AMD's Epyc server chips give strong revenue growth, but profits drop 98%
CEO Lisa Su's job is vastly more fun that Pat Gelsinger's right now, at least on the balance sheet
Intel's pain is apparently AMD's gain as the chip design company looks to steal more share from its long-time rival in 2023.
"We have an opportunity to move workloads to AMD as we go through the year," AMD CEO Lisa Su told analysts during the company's Q4 earnings results call Tuesday. "We feel very good about our product positioning."
That's a nod to AMD's Epyc datacenter-centeic CPUs boasting specs that make Intel's latest Xeons look expensive and a little off the pace.
While AMD continues to compete for server buyers, it must also weather the current economic superstorm which continue to squeeze its PC and gaming divisions.
For the fourth quarter, AMD maintained robust growth, with revenues up 16 percent year over year to $5.6 billion. That gain was in stark contrast to Intel's a $700 million net loss on revenues that plunged 32 percent.
While Intel faced declines across all of its core business units, AMD's datacenter and embedded business units — fueled in large part by strong cloud demand for the chipmaker's Epyc processor family — once again did most of the heavy lifting during the quarter, massing $3.1 billion revenues.
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"In North American hyperscalers more than doubled year over year as hyperscale customers continued moving more of their internal workloads and external instances to Epyc processors," Su said.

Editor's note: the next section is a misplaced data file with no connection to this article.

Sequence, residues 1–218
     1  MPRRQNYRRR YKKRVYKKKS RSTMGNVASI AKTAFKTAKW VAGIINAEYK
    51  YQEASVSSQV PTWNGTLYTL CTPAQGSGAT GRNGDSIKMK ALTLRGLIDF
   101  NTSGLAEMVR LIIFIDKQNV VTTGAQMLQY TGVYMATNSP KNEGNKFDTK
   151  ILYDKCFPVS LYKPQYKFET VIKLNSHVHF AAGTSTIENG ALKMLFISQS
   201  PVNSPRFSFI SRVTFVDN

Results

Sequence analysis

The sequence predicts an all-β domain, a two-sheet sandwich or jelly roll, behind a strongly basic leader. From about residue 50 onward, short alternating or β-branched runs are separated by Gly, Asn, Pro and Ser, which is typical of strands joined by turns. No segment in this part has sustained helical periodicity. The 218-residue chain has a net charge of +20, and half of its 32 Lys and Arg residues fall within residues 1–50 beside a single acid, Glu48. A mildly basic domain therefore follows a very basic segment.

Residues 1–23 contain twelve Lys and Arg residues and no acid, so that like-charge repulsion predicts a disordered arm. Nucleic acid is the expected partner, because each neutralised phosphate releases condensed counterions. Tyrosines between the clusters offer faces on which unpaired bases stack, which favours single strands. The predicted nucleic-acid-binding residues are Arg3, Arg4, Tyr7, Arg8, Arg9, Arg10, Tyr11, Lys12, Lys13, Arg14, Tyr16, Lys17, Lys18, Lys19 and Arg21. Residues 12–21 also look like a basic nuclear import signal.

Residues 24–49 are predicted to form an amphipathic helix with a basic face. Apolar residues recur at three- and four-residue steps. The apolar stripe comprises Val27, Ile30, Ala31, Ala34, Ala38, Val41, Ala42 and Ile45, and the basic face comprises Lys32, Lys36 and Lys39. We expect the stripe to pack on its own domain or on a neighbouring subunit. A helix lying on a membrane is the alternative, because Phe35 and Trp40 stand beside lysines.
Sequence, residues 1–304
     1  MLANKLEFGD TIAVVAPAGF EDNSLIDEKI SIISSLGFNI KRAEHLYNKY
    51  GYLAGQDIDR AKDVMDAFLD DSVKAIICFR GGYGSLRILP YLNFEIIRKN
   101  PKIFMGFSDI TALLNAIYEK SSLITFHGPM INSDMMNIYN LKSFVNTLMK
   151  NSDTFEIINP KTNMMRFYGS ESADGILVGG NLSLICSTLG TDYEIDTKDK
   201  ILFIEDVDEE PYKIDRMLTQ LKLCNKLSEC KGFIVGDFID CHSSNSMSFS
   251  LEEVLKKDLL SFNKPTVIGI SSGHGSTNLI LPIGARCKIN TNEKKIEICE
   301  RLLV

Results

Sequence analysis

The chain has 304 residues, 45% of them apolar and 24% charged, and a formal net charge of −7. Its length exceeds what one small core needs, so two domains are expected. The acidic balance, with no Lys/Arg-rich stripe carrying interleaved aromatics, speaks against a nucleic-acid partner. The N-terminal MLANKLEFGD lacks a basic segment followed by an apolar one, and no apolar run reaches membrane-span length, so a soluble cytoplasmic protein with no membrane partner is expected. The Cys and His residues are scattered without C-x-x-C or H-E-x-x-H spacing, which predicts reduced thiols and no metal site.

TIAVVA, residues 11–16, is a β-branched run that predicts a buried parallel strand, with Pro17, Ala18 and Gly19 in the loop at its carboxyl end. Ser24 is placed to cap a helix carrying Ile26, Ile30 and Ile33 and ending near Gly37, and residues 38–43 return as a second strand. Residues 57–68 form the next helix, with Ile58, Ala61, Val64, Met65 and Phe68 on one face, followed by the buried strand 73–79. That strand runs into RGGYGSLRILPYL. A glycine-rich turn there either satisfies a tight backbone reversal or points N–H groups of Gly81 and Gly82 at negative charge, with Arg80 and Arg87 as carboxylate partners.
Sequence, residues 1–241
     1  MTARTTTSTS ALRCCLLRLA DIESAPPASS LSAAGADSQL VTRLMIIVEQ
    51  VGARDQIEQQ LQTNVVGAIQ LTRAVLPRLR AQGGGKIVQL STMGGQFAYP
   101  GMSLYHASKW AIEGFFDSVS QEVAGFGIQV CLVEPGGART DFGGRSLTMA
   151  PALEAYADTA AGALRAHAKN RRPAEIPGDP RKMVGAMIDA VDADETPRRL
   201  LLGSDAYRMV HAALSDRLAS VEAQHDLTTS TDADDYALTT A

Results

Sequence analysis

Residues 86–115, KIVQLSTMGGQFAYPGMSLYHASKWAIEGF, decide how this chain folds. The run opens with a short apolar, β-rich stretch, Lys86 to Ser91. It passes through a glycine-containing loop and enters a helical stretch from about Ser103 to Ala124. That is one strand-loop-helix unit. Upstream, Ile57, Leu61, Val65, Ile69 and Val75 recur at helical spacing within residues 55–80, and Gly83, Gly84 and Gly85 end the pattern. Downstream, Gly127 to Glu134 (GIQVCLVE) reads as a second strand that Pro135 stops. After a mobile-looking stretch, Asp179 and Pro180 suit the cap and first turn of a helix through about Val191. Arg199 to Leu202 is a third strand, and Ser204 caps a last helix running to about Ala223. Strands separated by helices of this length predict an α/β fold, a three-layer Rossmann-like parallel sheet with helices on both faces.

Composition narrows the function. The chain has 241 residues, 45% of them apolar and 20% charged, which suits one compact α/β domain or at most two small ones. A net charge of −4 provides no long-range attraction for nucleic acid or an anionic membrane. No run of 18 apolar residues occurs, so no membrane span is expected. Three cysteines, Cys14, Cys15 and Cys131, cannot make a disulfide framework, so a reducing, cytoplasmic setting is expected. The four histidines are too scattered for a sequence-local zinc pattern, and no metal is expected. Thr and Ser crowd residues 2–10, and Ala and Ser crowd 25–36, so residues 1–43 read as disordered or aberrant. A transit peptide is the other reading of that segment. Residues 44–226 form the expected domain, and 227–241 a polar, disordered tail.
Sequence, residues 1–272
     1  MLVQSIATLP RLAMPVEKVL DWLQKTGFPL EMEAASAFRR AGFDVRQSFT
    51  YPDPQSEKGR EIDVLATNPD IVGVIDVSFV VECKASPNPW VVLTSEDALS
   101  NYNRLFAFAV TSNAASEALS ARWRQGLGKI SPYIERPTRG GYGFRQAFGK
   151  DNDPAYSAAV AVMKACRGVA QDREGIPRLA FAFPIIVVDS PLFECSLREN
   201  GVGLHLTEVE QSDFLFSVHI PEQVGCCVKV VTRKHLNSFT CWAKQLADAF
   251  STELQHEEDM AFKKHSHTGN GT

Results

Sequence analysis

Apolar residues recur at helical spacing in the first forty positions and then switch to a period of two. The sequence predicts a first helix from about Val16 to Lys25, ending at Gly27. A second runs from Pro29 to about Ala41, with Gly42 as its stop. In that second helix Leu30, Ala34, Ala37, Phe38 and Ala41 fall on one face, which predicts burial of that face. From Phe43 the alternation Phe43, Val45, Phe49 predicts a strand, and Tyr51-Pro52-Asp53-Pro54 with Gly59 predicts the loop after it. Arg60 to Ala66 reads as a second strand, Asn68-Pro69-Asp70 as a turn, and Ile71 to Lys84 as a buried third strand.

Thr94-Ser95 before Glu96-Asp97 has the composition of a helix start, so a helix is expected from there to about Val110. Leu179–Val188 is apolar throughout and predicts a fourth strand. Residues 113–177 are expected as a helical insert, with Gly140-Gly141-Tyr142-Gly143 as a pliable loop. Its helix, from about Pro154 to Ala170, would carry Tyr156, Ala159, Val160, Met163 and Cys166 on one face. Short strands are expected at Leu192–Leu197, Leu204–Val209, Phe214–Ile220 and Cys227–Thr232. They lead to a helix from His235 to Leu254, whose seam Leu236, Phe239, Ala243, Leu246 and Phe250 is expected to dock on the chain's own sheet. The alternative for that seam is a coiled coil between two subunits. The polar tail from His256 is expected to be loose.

While the chipmaker's datacenter CPUs continued to perform well, demand for the company's MI200-series GPUs were down, the CEO admitted. According to Su, the this was due in part to high demand in Q4 2021 from supercomputing vendors for its MI250X GPUs which powered the 1.2 exaflop Frontier machine at Oak Ridge National Laboratory.
Su also touted strong demand from the financial services sector for AMD's Alveo X3 FPGAs. FPGAs are commonly employed in high frequency trading environments where ultra-low latency is required.
AMD once again saw weak PC and gaming demand during the fourth quarter. Its client revenues declined 51 percent year over year to $903 million. Meanwhile, the company's gaming segment, which also includes sales of custom silicon used in Sony and Microsoft game consoles, fell seven percent to $1.6 billion.
The mixed quarter saw AMD's net income continue to evaporate, falling 98 percent from $974 million this time last year to $21 million in Q4. The acquisition of FPGA maker Xilinx early in 2022 were blamed for the decline.
For the 2022 fiscal year, AMD still managed to grow revenues 44 percent to $23.6 billion. For reference Intel netted $63 billion in 2022 revenue.
Looking ahead to the 2023 fiscal year, AMD is expecting a slower ramp as the company enters what's traditionally been a post-holiday slow period and economic conditions dampen demand for PC and gaming kit.
The chipmaker projects revenues to decline roughly 10 percent during the first quarter of 2023 at $5.3 billion plus or minus $300 million. Datacenter and FPGA products are expected to dominate sales. Intel has predicted at best a 37 percent decline in revenues in Q1.
Su expects the company's fortunes to improve some in the second half of the year as demand improves. ®